An article on Planners Web states, the “classic” definition of spot zoning is “the process of singling out a small parcel of land for a use classification totally different from that of the surrounding area for the benefit of the owner of such property and to the detriment of other owners,” and continues: “Spot zoning is, in fact, often thought of as the very antithesis of plan zoning…Perhaps the most important criteria in determining spot zoning is the extent to which the disputed zoning is consistent with the municipality’s comprehensive plan”.
COULD THE ZONING CHANGE CREATE A PRECEDENT FOR “BY RIGHT” ALLOWANCES FOR FUTURE DEVELOPERS WITHOUT PUBLIC BENEFITS? YES.
The language of the zoning overlay explicitly states that this new overlay district would not be subject to the usual requirement of public benefit in exchange for height increases: “It creates an overlay district to encompass a 1-2 block area in the core of the downtown area to enable taller Building Height without the necessity of a “bonus” from the DRB (Design Review Board).”
WOULD IT AVOID ENVIRONMENTAL REVIEW AND DUE DILIGENCE ON INFRASTRUCTURE STRESSES? YES.
The developer is trying to avoid undergoing Act 250 environmental review by building 274 units instead of 275. This is unethical, if not illegal, and planning and zoning and the city council should demand an Act 250 review of adverse environmental effects and careful studies of future stresses on infrastructure, storm water, sewage, and traffic for a project of this magnitude. Sadly, we cannot trust our own Design Review Board with this because many of its members, including the lawyer who defended our developer-mayor in his own case against local residents at Packard Lofts, are clearly biased towards weakening the development review process.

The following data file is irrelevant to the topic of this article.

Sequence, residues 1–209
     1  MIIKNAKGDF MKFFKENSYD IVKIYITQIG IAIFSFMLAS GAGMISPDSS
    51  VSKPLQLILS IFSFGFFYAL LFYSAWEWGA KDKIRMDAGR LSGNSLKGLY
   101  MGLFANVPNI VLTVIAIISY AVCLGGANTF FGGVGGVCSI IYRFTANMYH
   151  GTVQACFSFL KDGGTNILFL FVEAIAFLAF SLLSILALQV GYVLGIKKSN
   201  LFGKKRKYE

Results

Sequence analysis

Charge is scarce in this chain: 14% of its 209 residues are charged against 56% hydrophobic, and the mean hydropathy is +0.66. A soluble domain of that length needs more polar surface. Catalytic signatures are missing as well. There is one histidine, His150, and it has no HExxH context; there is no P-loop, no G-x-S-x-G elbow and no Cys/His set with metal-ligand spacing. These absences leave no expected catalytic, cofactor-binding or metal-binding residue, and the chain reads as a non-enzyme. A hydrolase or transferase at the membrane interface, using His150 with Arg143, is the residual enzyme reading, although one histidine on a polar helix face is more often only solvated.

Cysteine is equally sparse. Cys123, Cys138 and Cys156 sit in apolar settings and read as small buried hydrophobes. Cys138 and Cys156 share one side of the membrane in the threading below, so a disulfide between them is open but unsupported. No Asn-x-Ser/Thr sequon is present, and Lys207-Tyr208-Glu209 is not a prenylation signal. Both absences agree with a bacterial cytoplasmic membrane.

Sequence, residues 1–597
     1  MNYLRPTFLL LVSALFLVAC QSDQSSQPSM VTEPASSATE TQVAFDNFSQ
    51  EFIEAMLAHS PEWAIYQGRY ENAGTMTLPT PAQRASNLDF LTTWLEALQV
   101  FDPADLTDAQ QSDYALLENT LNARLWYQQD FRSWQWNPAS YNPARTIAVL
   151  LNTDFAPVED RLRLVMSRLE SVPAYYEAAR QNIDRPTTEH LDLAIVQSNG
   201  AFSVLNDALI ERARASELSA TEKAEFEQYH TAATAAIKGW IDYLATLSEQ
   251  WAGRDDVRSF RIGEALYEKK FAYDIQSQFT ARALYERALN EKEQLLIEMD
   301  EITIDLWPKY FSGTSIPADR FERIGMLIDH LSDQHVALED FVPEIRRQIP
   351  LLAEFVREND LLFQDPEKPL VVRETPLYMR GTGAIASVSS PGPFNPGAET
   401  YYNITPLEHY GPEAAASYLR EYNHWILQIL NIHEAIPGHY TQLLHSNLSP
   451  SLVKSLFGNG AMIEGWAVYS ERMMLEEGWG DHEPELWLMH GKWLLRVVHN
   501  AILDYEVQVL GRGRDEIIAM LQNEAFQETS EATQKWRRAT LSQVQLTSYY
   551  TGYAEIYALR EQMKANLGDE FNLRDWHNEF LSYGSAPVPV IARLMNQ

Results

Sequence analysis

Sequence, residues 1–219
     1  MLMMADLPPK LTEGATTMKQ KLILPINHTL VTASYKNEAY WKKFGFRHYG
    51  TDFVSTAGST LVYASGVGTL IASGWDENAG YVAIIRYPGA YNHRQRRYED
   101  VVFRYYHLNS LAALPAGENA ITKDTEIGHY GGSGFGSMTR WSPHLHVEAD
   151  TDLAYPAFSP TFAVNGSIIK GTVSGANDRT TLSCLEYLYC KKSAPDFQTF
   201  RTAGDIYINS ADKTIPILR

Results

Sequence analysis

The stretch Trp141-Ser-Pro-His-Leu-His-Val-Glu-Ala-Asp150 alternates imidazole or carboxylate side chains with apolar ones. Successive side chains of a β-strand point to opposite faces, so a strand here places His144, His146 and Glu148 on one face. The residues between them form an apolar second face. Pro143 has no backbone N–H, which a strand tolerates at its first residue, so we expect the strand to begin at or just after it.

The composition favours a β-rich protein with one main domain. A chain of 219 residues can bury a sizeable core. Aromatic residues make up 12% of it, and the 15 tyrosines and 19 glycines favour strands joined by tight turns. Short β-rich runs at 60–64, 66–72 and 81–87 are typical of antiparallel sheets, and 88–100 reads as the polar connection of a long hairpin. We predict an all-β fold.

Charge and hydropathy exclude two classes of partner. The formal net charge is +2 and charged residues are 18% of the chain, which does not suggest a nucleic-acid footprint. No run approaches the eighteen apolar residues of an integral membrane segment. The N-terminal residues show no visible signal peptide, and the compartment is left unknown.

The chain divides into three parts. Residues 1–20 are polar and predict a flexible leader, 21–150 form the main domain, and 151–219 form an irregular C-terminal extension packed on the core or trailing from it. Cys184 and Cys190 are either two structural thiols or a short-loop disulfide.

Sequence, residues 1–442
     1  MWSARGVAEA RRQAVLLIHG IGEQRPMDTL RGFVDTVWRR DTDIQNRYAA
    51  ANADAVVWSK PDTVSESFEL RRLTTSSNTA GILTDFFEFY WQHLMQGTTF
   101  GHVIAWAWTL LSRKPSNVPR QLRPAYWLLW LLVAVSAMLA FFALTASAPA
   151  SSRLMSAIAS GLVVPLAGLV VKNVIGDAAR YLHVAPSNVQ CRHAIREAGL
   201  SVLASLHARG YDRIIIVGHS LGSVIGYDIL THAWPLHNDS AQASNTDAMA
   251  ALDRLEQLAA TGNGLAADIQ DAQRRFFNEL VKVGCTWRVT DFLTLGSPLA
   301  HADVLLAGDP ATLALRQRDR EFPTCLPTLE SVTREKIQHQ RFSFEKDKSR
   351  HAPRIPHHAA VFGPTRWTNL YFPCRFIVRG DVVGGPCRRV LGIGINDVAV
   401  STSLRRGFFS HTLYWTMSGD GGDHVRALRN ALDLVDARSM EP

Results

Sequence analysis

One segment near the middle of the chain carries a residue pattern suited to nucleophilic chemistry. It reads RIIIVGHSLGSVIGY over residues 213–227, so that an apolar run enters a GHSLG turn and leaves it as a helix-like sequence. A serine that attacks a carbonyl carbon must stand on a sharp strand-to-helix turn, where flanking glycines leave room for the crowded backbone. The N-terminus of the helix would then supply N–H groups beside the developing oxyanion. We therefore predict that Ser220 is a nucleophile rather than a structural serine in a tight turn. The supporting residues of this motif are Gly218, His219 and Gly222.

WOULD THE REQUIRED ZONING CHANGE ENDANGER NEARBY HISTORIC BUILDINGS? YES.
IF one developer can claim hardship as an excuse to have our local zoning changed, others will as well. Historic buildings on Church, Cherry, and Bank Streets will be subject to destruction as developers will claim that they too need to build higher to pay for their investments.
COULD THIS DEVELOPMENT LEAVE US WITH A HOLE IN THE GROUND LIKE NEWPORT NOW HAS? YES.
We know nothing about the credentials of Don Sinex and the city is taking steps to change our zoning within the next months, before they have required evidence of Sinex’s viability as a partner.
WOULD IT DESTROY VIEWS, SUNLIGHT, AND THE CHARACTER OF OUR DOWNTOWN? YES!!!!
To find out more about Don Sinex’s development proposal, and the City’s rush to comply to his demands (Planning and Zoning will vote on the zoning change on JULY 9th!), visit our Facebook page Stop the 14-Story Mall, and check for updates on Meetings and Actions. (And please “like” our page.) Let City Council and the Mayor know your views before it is too late.